Electronic Arts (EA) has announced that they plan to release the source code for the classic real-time strategy games Command and Conquer: Tiberian Dawn and Command and Conquer: Red Alert. The source code for both games will be made available at the same time as the release of the Command and Conquer Remastered Collection. This title includes remastered versions of both games and their expansions and will be released on June 5.
What open sourcing means for the community
The publisher is making a huge step by open sourcing the games. This act should give players the assets needed to create mods that could be quite far-reaching. EA’s Jim Vessella, producer on Command and Conquer Remastered, had this to say: “These open source DLLs should assist users to design maps, create custom units, replace art, alter gameplay logic, and edit data.” The open soured assets can likewise be used with the new map editor that is included as part of the collection.
Players can use both mods and custom maps whether they play the games via Steam or EA’s Origin game launcher. The process for using custom assets will differ somewhat between platforms, according to Vessella. On Steam, players will need to use the Steam Workshop to distribute maps and mods. Players can likewise download content both from the game’s Community hub as well as while running each game. If you’re using Origin, you can download maps in-game, but mods need to be installed manually.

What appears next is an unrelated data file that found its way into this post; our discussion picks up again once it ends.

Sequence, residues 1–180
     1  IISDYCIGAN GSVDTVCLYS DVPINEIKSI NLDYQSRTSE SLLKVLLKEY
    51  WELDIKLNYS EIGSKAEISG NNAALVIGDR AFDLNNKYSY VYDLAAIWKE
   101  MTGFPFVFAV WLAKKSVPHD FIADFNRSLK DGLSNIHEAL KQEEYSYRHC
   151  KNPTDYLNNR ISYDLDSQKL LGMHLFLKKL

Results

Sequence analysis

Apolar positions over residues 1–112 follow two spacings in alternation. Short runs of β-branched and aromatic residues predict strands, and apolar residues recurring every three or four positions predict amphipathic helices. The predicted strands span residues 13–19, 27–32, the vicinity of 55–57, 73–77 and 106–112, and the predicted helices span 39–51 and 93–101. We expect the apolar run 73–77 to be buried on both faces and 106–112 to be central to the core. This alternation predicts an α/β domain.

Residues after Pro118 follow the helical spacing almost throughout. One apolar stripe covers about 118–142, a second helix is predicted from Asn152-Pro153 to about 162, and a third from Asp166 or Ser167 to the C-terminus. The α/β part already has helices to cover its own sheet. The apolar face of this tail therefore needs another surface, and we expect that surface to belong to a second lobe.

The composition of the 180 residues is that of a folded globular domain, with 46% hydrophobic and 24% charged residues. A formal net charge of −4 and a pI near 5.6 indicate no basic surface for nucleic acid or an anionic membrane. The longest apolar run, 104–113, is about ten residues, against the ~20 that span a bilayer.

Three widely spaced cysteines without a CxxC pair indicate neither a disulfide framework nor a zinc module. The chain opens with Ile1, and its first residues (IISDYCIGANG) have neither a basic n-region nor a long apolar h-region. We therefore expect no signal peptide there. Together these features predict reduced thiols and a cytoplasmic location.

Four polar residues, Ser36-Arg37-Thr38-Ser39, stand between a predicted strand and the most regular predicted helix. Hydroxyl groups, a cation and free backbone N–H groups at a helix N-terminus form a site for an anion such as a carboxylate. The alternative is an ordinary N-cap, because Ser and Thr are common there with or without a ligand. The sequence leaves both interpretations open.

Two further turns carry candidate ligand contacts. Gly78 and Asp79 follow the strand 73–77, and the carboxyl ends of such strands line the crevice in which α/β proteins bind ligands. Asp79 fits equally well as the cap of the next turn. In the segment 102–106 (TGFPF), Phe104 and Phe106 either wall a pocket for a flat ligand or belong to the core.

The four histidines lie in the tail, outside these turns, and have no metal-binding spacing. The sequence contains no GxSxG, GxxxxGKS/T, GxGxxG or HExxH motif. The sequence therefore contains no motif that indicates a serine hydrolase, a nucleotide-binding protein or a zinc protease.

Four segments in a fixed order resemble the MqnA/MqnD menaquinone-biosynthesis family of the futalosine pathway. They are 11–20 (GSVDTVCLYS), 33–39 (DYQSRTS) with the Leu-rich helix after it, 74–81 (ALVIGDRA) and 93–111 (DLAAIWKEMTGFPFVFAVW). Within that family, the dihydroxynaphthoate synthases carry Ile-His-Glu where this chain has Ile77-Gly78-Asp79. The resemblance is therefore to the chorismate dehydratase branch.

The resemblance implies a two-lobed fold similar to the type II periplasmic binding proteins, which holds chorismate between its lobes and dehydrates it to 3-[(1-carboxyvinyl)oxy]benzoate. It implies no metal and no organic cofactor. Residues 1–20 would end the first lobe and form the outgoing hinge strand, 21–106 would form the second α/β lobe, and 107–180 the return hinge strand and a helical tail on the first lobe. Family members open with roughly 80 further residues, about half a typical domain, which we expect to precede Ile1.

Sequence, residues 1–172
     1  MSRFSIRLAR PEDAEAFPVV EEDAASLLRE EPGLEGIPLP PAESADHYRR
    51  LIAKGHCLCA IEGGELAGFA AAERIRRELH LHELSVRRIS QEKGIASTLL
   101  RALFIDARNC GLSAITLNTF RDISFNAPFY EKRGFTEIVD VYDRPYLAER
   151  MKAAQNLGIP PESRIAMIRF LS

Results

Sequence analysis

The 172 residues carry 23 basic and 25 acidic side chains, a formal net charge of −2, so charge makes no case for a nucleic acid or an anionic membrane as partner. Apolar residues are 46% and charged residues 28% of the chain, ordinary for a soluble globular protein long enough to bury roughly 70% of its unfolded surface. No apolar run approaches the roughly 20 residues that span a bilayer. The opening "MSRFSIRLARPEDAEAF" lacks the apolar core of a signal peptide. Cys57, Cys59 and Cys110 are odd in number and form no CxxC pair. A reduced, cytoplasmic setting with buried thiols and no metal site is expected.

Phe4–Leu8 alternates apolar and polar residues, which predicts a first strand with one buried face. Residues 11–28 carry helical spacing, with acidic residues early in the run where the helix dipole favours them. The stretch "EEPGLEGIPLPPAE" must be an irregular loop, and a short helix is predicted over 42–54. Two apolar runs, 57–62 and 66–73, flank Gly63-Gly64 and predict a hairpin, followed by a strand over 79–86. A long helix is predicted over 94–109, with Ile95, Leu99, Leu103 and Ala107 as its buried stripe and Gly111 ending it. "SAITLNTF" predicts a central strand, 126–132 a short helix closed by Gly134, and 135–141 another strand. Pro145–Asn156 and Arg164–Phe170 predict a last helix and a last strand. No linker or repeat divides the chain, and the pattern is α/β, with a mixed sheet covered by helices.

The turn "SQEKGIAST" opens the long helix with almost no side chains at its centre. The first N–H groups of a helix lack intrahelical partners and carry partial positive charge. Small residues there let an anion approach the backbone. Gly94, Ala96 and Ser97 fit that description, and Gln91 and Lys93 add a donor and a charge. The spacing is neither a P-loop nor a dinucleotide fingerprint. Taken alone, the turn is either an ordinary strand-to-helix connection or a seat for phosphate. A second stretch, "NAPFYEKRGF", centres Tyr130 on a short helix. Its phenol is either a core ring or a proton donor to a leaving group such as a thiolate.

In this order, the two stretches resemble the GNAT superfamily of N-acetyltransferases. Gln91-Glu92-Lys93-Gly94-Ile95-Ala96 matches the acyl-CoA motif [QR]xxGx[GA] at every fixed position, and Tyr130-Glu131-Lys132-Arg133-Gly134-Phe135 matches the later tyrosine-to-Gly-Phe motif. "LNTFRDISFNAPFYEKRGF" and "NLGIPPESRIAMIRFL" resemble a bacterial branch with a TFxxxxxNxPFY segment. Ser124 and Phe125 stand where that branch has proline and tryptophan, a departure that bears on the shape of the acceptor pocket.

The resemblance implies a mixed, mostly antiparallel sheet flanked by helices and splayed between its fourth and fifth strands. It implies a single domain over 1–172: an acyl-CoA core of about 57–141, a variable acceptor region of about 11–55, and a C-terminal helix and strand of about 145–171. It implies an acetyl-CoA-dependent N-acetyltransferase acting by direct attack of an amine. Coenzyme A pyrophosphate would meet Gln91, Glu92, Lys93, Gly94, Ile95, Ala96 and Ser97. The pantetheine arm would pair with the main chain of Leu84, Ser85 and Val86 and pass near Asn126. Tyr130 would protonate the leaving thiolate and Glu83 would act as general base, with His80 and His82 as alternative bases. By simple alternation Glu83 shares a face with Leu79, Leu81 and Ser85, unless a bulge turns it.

Using the GLP license
The release of the source code will be done under the GPL version 3.0 license. These titles will be the first RTS franchise to open source code under the GPL. The goal behind this is to ensure compatibility with projects such as CnCNet and OpenRA so that the community can more-easily create mods.
What should be quite exciting is the inclusion of a map editor. While little was said on this, players can expect a world of possibility. Combined with the ability to create and install mods, players will be able to create some truly unique and difficult maps that will be fun to play.
One feature they also brought up was LAN Play. While this feature was intended to be included with the launch version of the game, they unfortunately could not include it in time. Ultimately, the Coronavirus pandemic impacted development time and made the concept of developing and testing a “local area network” rather difficult to pull off given the social distancing measures required. But we can hope to see the feature included later into the year. Hopefully.
June 5 is just around the corner. So we’ll be jumping on the mod bandwagon before long and creating our own versions of the “Nuke Tank” and so on.